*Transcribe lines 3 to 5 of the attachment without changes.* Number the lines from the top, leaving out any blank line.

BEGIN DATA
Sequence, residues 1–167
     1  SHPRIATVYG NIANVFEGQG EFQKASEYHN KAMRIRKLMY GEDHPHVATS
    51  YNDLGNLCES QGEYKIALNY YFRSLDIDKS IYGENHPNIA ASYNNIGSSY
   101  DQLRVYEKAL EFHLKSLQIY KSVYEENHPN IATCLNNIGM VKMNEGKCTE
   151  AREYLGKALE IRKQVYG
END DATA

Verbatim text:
    51  YNDLGNLCES QGEYKIALNY YFRSLDIDKS IYGENHPNIA ASYNNIGSSY
   101  DQLRVYEKAL EFHLKSLQIY KSVYEENHPN IATCLNNIGM VKMNEGKCTE
   151  AREYLGKALE IRKQVYG